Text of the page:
This kind of business model means the bigger stores have an advantage since they’re able to afford larger bulk deals. 

When you think about starting a liquor store, you’ll want to study your market’s buying habits to buy smarter. For instance, examine your receipts and inventory. What are you selling more of? Consider purchasing those products in bulk while running special offers on your slower selling products to more quickly move your stock. You can also run special deals or host sample tastings of the slower selling stock to cultivate interest.

3. Licensing is a state-by-state issue—don’t risk losing your business over the wrong permits.

Your dreams of opening a liquor store, or any small business for that matter, probably don’t include a long trail of application permits. But in the real world, that’s how business works. And obtaining those licenses requires a lot of research, time, and money.

Liquor licenses cost different amounts by state—and, as you can guess, they can go well into the tens (or hundreds) of thousands of dollars. To add to the licensing headache, every city, county, and state has a different set of rules and laws. Find out what you’ll need from the Alcohol and Tobacco Trade and Tax Bureau (TTB), the entity responsible for enforcing laws “regulating alcohol production, importation, and wholesale businesses; tobacco manufacturing and importing businesses; and alcohol labeling and advertising” and licenses at the state and local level. If you don’t want to navigate the technicalities yourself, your best bet is to hire someone to do it for you—but you have to make sure you do it.

If you’ve gone through the trouble of figuring out how to open a liquor store, you don’t want to risk getting your business taken away for having the wrong permits—or no permits at all.

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3 More Considerations Before You Start a Liquor Store

The factors from The Wine Cave’s Mayer will help you get a jumpstart on success, no doubt. But before you go all in on figuring out the details of how to open a liquor store, you’ll want to ask yourself a few more questions. Factor their answers into your liquor store business plan:

1. Will you buy an existing business, or start a totally new liquor store?

You don’t have to open a liquor store from scratch; in fact, you have a few options. You can buy an existing shop going out of business, or even choose to franchise an existing liquor store, either from a larger company or a smaller business looking to expand.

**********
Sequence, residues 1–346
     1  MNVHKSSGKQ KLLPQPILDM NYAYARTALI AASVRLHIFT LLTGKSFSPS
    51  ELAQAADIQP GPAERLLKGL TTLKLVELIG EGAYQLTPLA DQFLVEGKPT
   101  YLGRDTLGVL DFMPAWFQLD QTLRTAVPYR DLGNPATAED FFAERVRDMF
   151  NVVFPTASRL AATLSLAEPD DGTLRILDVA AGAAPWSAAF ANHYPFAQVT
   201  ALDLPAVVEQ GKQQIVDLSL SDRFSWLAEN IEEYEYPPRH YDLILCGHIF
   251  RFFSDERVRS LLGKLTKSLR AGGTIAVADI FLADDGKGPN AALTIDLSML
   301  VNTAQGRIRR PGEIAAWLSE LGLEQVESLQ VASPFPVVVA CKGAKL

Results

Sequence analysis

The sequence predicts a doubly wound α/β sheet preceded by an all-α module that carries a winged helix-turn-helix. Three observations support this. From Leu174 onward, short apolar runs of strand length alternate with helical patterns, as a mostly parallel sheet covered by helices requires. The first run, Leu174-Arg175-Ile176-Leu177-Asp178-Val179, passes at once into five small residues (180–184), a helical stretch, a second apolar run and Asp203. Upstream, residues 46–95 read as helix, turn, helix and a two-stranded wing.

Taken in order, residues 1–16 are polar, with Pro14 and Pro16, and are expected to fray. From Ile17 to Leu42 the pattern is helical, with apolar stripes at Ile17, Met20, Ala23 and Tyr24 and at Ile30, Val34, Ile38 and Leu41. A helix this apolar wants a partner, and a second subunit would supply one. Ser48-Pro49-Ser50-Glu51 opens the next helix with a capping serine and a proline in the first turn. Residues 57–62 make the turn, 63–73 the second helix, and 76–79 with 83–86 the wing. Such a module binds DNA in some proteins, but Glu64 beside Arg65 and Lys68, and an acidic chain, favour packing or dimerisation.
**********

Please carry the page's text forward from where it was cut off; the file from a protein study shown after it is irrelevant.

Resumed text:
Even if you’re still choosing to build from the ground up, you still might want to look around to see who is selling their business locally or semi-locally—and that’s because of inventory. As we mentioned before, with the high cost of inventory, you might be able to pick up valuable inventory at a discount if you purchase goods that someone is looking to liquidate quickly and in bulk. A little extra homework here could make a big difference for your startup costs.

2. Are you seeking investment, or looking for business financing?

We might have said once or twice that there are pretty hefty upfront costs involved with opening a liquor store. When you draw up your business plan for how to open a liquor store, think about your source of business financing.

If you’re partnering with someone for an investment—maybe a fellow oenophile—make certain that you get your terms in writing (especially if it’s a friend or family loan).

As for traditional financing options, we’ll be candid: In an industry with a tough success rate and tight cash flow, you might have some difficulty convincing a lender to front you the cash for a small business loan at first. That said, you do have a few viable options for startup loans. A surprising one you might want to consider, especially if you have a strong credit score, is a 0% intro APR business credit card. Here, you can get the liquidity you need with the timeframe to get some momentum behind your new business before your balance comes due—there are even a couple of cards with 15-month intro periods.

3. What’s your point of difference in the market?

We’re sure you’ve chosen a location with a lot of liquor-loving customers. But if you selected that due to the presence of existing stores, your pick can backfire—that is, if you don’t select a point of differentiation.

What’s your thing? Do you carry the best rosé selection in the state, or import sherry no one’s ever heard of? Do you offer classes that teach the neighborhood the difference between pot still and column still whisky? Whatever passion led you to figuring out how to open up a liquor store, take it to the next level and use it to distinguish you.

Start Building Your Liquor Store Business Plan

The common theme you might see here? Learning to start a liquor store takes money. This is a cash-intensive business, so before you go for it, make sure you’re equipped to find access to capital upfront, and commit to knowing that you’re going to have to put in to get out.

But if you’re able to really face these entrepreneurial hurdles, give them a strategic think, and find that you still have a passion to open a liquor store, you’re well positioned for one last piece of advice from The Wine Cave’s Mayer: Don’t forget—you’re still not the boss. The customer is the boss. 

“If [your customers] walk in and they’re not happy … [then] there are no employees, there are no stores.”

Editorial Note: Any opinions, analyses, reviews or recommendations expressed in this article are those of the author’s alone, and have not been reviewed, approved, or otherwise endorsed by any of these entities.

Vivian Giang

Contributor at Fundera
Vivian Giang is a freelance journalist who covers strategy, leadership, organizational psychology and gender issues for Fast Company, Marie Claire, Fortune, Slate, among others. Previously, she was the lead entrepreneurship editor at Mic.com. Prior to that, Vivian launched the Careers vertical at Business Insider, which focused on the evolving office, emerging industries, and the most current employment trends. You can find her on Twitter at @vivian_giang.